Damaging your skin by squeezing or picking can also cause inflammation, hyperpigmentation, and scarring. Squeezing additionally introduces bacteria, oil and dirt from your hands and into your pores, which can lead to more blackheads if not done correctly.

Best Ways to Get Rid of Blackheads

1. Clinical extraction

Extraction is a complex and daunting task to undertake. It is not as easy as popping a pimple. When the blackhead extraction is not done properly, the bacteria can not only spread and irritate the skin further causing more breakouts, but you also risk damaging your skin trying to do it yourself. Clinical extractions ensures that the dirt, oil, and impurities are properly removed without causing harm to the skin.

2. Chemical peels

Chemical peels contain high concentrations of AHAs or BHAs and are extensively used for unclogging pores and removing blackheads. They have an exfoliating effect on the skin which allows dead skin cells to be shed more effectively. By keeping dead skin cells and excess oil from clogging the hair follicle, pore blockages and pimples can be reduced.

3. Radiofrequency Microneedling

Radiofrequency (RF) Microneedling is not only an effective treatment for many conditions such as acne, acne scars, loose skin or even fine lines, but it is also a method that can be used to prevent blackheads. As a result of this procedure, blackheads are less likely to occur in the future since the sebum production in the skin as well as the size of the pores are reduced. This thereby removes the problematic source of the recurring blackhead.

Chemical peel treatment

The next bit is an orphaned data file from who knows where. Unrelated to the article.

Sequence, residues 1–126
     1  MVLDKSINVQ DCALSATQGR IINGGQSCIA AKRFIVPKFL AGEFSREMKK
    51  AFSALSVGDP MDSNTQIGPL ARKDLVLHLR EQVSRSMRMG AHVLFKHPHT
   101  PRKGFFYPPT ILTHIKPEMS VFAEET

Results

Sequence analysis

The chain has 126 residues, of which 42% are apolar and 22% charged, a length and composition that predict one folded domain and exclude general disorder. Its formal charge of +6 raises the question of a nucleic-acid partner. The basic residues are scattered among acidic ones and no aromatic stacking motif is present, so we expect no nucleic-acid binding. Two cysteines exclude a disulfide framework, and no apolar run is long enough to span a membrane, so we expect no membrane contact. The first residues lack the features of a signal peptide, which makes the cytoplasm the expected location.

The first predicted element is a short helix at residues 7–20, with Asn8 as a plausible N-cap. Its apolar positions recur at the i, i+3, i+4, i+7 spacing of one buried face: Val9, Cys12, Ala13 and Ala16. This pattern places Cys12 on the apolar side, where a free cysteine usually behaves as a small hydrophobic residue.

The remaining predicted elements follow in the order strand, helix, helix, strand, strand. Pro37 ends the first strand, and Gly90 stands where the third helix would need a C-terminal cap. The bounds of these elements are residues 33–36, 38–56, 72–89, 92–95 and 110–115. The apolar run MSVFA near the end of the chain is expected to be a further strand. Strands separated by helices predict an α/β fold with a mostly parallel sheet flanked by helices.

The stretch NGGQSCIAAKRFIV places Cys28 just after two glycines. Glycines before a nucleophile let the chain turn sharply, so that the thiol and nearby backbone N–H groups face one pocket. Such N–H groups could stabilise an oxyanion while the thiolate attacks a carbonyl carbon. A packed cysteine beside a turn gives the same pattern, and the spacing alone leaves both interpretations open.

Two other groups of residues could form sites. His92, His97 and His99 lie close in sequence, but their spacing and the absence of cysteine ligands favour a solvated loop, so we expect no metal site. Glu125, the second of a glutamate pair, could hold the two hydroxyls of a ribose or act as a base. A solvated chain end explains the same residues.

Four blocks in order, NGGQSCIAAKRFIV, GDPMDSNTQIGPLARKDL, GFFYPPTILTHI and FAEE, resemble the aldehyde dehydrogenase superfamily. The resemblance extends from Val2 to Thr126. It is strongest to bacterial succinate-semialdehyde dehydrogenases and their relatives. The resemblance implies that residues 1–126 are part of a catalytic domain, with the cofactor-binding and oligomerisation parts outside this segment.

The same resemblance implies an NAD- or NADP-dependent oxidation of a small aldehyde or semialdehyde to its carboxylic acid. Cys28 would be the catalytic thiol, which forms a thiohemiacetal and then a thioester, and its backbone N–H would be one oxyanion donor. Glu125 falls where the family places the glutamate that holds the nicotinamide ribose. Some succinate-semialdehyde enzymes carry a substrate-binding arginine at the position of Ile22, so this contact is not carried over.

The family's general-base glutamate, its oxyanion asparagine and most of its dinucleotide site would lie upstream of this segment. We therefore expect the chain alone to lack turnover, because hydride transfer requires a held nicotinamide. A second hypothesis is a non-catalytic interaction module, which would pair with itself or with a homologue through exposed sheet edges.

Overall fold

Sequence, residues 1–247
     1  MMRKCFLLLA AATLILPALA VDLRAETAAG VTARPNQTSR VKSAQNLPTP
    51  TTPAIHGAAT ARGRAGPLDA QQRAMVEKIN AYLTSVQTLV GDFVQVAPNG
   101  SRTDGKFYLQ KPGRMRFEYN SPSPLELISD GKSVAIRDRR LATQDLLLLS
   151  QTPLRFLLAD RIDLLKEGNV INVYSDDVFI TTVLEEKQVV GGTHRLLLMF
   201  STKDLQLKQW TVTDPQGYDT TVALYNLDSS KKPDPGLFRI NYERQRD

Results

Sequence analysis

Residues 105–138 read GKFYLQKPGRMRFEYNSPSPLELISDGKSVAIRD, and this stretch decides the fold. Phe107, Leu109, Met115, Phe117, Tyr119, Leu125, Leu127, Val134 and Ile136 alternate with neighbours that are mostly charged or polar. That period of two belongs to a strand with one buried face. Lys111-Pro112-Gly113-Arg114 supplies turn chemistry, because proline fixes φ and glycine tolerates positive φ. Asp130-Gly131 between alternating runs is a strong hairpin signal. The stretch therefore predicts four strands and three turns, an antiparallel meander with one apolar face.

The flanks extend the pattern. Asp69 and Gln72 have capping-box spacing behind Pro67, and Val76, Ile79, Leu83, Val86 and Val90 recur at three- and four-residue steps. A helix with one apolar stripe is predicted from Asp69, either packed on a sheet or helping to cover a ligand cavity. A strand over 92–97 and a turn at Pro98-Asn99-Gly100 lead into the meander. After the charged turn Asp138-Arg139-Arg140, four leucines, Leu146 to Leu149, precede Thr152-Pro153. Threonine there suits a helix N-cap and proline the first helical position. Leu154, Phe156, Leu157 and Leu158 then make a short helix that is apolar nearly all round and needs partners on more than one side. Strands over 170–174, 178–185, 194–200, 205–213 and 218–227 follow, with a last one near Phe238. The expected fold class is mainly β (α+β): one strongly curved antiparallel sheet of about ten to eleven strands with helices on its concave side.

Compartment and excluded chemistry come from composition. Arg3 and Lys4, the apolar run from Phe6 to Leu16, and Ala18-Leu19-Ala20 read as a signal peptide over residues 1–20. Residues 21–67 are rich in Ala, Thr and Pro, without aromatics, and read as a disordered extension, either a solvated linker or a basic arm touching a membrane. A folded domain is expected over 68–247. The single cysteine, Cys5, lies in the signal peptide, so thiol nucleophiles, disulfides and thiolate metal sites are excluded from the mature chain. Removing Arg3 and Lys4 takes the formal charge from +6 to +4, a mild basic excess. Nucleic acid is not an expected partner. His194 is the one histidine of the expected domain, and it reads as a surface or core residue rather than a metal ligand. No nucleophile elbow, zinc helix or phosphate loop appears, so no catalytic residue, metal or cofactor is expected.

4. Add a Retinoid to Your Routine

Retinoids, available in its pure form by prescription or over the counter, have proven to be a reliable method for eliminating blackheads from the skin. Retinoids work by promoting skin turnover and decreasing the ‘stickiness’ of the skin cells to prevent blockage of the follicular ostia. Not only will a retinoid help with acne, but it is also an effective ingredient for anti-aging as well as skin regeneration.

A study published in March 2016 in the Journal of Cosmetic Dermatology found that in only four weeks of using retinol (a type of retinoid that is of a lower concentration), subjects experienced an increase in collagen production and epidermal thickness, and in 12 weeks significant reduction in fine lines on their face.

5. Use Products with Salicylic Acid

One go-to ingredient for eliminating blackheads and comedones is salicylic acid, a beta-hydroxy acid that increases cell turnover and unclogs pores. Salicylic acid treatments are emerging as a popular option because they break down excess oil, dead skin cells, and oily makeup, which are the basic causes of blackheads.

Making a salicylic acid-based cleanser a part of your daily cleansing ritual will help rid open comedones and prevent new ones from forming. However, people who are sensitive to salicylic acid must avoid this option.

6. Exfoliate with AHAs and BHAs

Regular exfoliation helps clear away excessive amounts of dead skin cells. Gentle exfoliation with Alpha Hydroxy Acids (AHAs) such as glycolic acid, and Beta Hydroxy acids (BHAs) such as salicylic acid, could prove useful to unclog the pores.

Don’t Harm Your Skin, Leave it to a Pro

Professionals have to use a few different techniques to physically get rid of acne. One is called acne extraction, which involves using sterile instruments to get rid of blackheads. A medically-trained aesthetician or a doctor may perform extractions of whiteheads and blackheads using sterile equipment to prevent the spread of bacteria from the clogged pores to others, or from hands to the skin [3].

Extractions are not permanent as these blackheads can reappear and will need to be repeated in the future. This procedure may be preceded by exfoliation using chemical peels to make extraction easier. It is important to remember that this is only performed when other methods of clearing acne have failed to produce positive results.

The urge to squeeze out blackheads with your fingers can be very tempting but it’s certainly not a good idea. Physically squeezing the blackheads leads to scarring, traumatizes the skin, and could cause hyperpigmentation.

Using topical skincare products or taking professional help to remove them painlessly and safely are the two ideal approaches to getting rid of blackheads. Consult your doctor to explore the best options available for you to remove blackheads and prevent them from troubling you again.